· To introduce multivariable calculus including partial differentiation, gradient, extremum values and double integrals.
Learning Outcomes use Taylor series to obtain local approximations to functions;
obtain partial derivaties and use them in several applications such as, error analysis, stationary points change of variables
evaluate double integrals using Cartesian and Polar Coordinates
Introduction to Linear Algebra (MATH103)
Level 1 Credit level 15 Semester First Semester Exam:Coursework weighting 80:20 Aims  To develop techniques of complex numbers and linear algebra, including equation solving, matrix arithmetic and the computation of eigenvalues and eigenvectors.
 To develop geometrical intuition in 2 and 3 dimensions.
 To introduce students to the concept of subspace in a concrete situation.
 To provide a foundation for the study of linear problems both within mathematics and in other subjects.
Learning Outcomes manipulate complex numbers and solve simple equations involving them
solve arbitrary systems of linear equations
understand and use matrix arithmetic, including the computation of matrix inverses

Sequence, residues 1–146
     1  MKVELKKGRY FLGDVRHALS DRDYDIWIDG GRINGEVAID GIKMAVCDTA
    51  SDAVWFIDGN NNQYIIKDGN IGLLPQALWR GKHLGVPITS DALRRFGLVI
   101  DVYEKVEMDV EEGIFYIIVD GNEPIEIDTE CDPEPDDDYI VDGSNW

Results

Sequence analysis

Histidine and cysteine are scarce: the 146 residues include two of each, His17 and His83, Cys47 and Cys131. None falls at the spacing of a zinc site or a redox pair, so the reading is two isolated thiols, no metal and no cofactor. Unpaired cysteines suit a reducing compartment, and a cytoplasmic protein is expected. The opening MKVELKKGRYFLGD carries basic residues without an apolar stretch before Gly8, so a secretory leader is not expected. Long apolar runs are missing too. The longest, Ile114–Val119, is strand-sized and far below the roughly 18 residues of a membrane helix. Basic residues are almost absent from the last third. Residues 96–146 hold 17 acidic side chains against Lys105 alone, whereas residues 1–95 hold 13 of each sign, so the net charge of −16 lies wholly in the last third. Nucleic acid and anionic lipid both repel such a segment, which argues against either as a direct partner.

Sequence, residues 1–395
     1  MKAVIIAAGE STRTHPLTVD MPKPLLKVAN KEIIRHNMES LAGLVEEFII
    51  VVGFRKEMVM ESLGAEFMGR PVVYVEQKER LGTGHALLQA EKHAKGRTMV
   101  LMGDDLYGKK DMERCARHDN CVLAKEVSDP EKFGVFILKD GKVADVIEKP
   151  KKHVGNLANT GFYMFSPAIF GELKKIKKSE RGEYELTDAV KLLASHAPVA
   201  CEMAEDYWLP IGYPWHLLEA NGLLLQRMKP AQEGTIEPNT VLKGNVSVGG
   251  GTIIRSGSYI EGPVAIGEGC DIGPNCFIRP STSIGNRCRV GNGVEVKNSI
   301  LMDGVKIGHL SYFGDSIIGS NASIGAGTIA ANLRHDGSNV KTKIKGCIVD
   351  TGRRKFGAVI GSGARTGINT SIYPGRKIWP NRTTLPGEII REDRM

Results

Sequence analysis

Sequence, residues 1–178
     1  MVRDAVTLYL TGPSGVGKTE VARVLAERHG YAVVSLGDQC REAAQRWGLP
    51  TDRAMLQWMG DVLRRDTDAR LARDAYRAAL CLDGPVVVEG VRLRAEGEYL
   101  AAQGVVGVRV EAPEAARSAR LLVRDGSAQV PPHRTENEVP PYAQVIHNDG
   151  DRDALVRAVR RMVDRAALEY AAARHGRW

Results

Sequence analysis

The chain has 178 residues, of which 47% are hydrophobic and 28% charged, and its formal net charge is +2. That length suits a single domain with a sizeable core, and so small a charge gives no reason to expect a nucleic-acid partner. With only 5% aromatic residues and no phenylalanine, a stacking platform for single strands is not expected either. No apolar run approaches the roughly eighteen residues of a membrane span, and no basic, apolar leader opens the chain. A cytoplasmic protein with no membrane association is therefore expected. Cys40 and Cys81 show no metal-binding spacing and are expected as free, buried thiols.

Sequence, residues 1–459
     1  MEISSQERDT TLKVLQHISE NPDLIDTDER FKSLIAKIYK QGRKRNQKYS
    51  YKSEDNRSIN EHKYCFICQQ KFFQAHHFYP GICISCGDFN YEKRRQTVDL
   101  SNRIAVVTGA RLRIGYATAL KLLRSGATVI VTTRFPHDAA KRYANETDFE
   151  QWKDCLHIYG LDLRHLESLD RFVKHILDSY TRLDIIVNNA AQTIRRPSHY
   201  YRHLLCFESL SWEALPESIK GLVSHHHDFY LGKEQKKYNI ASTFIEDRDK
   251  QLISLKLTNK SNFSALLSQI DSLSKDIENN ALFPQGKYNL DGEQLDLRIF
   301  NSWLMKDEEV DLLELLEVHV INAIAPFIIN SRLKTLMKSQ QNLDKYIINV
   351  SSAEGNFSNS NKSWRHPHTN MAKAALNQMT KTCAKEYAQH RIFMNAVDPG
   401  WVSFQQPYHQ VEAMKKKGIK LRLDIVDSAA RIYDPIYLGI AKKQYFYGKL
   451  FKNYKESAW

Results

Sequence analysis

compute and use determinants
understand and use vector methods in the geometry of 2 and 3 dimensions
calculate eigenvalues and eigenvectors and, if time permits, apply these calculations to the geometry of conics and quadrics
Mathematical It Skills (MATH111)
Level 1 Credit level 15 Semester First Semester Exam:Coursework weighting 0:100 Aims To acquire key mathematicsspecific computer skills.
To reinforce mathematics as a practical discipline by active experience and experimentation, using the computer as a tool.
To illustrate and amplify mathematical concepts and techniques.
To initiate and develop problem solving, group work and report writing skills.
To initiate and develop modelling skills.
 To develop employability skills.
Learning Outcomes After completing the module, students should be able to
 tackle project work, including writing up of reports detailing their solutions to problems;
 use computers to create documents containing formulae, tables, plots and references;
 use mathematical software packages such as Maple and Matlab to manipulate mathematical expressions and to solve simple problems,
 better understand the mathematical topics covered, through direct experimentation with the computer.
After completing the module, students should be able to
 list skills required by recruiters of graduates in mathematical sciences;
 recognise what constitutes evidence for those skills;
 identify their own skills gaps and plan to develop their skills.
Newtonian Mechanics (MATH122)
Level 1 Credit level 15 Semester Second Semester Exam:Coursework weighting 80:20 Aims To provide a basic understanding of the principles of Classical Mechanics and their application to simple dynamical systems.
Learning Outcomes:
After completing the module students should be able to analyse real world problems
involving: